After Azille we spent a week in Paris before our next house sitting gig began. This time we were headed to the other south of France, a short drive outside of Bordeaux.
This time we were tasked with watching Buster, Rosie and Stevie Wonder (a blind cat). The house and garden were stunning, surrounded by vineyards and not much else. Luckily the home owners were also kind enough to let us use their car, allowing us to hop into town to go to the supermarket or drive around the French countryside.
Because we were watching two large dogs this time, it wasn’t as easy to have them sit on our lap and go for day trips. This meant we spent most of our time actually at the house, doing a bit of writing, playing with the dogs and enjoying the spectacular scenery. Of course, we did make it to Bordeaux our last day for a few wine tastings. There was no way we could get that close to the iconic wine region and not sample a glass or two.
So what was it really like to house sit for a month in the South of France?
You can probably tell by now that we thought it was pretty amazing. The first house sitting job allowed us an inside look at village life, with the unique experience of taking part in feria and using our time to go on a few day trips with Ralph. The second house sitting job was an ultimate retreat. Surrounded by nothing but French countryside and with three loveable pets to keep us company, it was rejuvenating and relaxing. (Not to mention the house was seriously beautiful.)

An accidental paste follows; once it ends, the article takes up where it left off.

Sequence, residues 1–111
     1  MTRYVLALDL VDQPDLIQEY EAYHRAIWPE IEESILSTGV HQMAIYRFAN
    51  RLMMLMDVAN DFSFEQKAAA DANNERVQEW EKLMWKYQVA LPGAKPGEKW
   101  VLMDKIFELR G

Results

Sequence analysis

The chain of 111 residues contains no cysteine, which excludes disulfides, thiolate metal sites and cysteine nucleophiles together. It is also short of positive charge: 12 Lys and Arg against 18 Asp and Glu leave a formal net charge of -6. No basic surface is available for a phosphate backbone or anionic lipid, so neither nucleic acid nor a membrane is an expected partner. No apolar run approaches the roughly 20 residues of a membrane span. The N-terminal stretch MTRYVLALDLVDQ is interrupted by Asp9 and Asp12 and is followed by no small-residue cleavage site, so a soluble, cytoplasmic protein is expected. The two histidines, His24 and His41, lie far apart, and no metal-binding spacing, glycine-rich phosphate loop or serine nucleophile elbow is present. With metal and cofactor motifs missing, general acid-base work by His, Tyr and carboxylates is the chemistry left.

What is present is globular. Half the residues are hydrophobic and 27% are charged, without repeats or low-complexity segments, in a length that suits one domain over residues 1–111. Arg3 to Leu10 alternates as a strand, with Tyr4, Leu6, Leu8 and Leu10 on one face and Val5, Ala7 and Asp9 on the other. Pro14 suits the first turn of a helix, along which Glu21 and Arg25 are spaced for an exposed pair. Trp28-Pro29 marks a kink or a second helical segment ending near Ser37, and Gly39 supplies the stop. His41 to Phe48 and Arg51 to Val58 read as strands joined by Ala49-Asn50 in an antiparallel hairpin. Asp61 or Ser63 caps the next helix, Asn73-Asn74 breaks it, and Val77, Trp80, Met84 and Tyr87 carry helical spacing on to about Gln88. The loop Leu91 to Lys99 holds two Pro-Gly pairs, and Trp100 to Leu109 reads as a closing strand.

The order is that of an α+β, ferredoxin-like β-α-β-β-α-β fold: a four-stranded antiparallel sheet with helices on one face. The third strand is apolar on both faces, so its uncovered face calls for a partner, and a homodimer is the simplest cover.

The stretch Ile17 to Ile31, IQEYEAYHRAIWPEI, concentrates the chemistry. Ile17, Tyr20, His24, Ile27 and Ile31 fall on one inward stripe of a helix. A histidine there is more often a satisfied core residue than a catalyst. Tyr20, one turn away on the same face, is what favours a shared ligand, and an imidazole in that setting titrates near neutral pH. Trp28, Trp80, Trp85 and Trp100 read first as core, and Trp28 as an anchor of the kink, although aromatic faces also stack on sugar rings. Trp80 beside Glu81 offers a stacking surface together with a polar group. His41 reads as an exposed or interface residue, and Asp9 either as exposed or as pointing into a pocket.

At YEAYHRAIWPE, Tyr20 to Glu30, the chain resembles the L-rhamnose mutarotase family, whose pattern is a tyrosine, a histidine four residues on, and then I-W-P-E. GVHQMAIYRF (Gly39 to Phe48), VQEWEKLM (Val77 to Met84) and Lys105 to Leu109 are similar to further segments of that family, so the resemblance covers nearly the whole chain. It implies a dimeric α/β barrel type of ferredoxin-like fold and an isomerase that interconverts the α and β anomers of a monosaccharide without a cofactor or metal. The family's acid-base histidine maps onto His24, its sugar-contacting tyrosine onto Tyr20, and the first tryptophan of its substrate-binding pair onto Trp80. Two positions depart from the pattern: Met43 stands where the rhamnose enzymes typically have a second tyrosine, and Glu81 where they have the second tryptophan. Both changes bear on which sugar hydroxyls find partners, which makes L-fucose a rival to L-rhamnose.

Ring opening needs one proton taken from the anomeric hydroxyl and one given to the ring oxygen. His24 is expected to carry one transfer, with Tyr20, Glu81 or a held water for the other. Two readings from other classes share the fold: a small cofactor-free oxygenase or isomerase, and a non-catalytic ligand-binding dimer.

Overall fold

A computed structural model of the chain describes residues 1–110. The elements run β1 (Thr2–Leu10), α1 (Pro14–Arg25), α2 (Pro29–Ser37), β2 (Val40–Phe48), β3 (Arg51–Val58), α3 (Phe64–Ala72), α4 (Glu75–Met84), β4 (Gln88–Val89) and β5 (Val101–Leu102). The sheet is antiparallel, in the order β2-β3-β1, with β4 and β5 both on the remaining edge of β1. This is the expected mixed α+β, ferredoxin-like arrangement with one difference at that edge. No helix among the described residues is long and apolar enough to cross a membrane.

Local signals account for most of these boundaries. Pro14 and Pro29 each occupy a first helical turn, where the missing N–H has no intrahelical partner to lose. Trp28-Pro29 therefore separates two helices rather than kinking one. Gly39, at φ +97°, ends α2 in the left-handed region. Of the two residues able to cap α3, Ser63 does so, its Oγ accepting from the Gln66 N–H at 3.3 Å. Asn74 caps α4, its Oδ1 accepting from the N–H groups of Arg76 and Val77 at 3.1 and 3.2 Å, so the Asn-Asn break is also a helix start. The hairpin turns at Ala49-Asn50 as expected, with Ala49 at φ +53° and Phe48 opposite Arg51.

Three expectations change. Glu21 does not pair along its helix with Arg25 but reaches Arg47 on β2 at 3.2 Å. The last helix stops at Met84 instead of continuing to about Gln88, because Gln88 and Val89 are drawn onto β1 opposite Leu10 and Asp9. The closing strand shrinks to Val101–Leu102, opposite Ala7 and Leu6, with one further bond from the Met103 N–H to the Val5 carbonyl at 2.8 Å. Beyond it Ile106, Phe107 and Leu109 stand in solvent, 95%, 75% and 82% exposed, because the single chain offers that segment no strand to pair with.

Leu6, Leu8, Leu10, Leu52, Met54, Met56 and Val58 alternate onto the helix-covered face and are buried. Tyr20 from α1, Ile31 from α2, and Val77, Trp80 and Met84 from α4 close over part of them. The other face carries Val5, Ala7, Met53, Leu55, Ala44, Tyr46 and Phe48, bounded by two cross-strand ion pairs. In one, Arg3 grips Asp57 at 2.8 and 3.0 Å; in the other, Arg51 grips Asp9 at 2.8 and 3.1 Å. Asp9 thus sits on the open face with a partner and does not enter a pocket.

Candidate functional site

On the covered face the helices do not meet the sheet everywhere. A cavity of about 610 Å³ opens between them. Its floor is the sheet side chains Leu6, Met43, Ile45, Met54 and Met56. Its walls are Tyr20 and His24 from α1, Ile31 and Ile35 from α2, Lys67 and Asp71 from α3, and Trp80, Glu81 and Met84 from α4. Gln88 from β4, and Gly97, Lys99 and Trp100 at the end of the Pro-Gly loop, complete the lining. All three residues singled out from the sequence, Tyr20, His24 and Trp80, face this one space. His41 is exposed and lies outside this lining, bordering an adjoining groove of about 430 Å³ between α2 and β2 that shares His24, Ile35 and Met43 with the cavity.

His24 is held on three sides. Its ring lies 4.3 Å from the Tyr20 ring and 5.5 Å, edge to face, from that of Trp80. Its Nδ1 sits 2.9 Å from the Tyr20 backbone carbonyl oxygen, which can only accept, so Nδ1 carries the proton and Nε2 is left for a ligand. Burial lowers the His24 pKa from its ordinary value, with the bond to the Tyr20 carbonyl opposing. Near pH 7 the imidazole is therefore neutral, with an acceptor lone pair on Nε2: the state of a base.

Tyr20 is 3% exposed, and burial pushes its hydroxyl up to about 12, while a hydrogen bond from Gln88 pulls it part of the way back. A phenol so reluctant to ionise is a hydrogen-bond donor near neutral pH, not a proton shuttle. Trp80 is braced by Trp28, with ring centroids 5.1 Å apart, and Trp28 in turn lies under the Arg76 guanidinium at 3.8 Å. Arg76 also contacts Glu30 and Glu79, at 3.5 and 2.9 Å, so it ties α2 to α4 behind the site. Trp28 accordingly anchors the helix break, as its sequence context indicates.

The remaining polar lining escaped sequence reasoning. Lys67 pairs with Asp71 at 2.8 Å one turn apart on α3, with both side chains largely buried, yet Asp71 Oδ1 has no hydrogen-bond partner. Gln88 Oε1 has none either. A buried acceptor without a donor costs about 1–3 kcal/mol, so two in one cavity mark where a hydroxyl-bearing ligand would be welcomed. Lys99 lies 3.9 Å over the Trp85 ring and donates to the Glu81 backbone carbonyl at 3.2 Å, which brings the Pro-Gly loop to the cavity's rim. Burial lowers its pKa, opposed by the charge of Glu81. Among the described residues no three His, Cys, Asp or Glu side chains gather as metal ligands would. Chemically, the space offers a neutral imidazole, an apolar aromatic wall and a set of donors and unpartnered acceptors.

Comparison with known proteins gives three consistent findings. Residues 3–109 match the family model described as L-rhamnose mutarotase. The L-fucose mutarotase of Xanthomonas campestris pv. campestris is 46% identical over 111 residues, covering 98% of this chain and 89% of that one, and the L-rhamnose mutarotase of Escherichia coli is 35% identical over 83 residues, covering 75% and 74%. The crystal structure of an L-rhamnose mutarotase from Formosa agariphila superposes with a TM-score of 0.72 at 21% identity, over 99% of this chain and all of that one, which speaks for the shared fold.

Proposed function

As we mentioned before, house sitting isn’t for everyone. Not everyone would be entertained by going for long walks through vineyards and feeling confined to staying at home all day long. But for us, working house sitting into our travels is a welcome relief. We already have our next gig set for New Years Eve in NYC. That should be a bit different from the South of France…
How to House Sit:
There are a variety of websites out there that match potential house sitters with homeowners. Typically these websites have a small annual fee attached, but the initial price tag is worth it for the long-term savings. We use the following two sites:
TrustedHousesitters: Annual Fee: $89.88. This is the largest and fastest growing site. As a result, you’re competing with a lot of other eligible sitters for the same job. (Jobs are often filled within the same day of posting.) But there are also many, many more jobs available, giving you a bit more flexibility in location and dates.
MindMyHouse: Annual Fee: $20. This site is smaller with most jobs in North America, Mexico, Costa Rica and Europe. If you’re not sure if house sitting is right for you, the small fee makes this a great starter option, but based on our success rate, you’ll definitely want to sign up for TrustedHousesitters if you are serious about finding a job.
If you’re looking for more resources on how to best fill out your profile, apply for jobs, and correspond with homeowners, then consider the following resources:
Hecktic Travels has an eBook that gives the secrets behind their extreme housesitting success.
Globetrotter Girls also has an ultimate guide to house sitting, as well as a ton of resources on her blog.
So what do you think? Have you ever house sat before? Does this sound like a resource you would like to add to your travel hacking arsenal?
Trusted Housesitters is an affiliate link. We recommend them because we used them personally to housesit in France.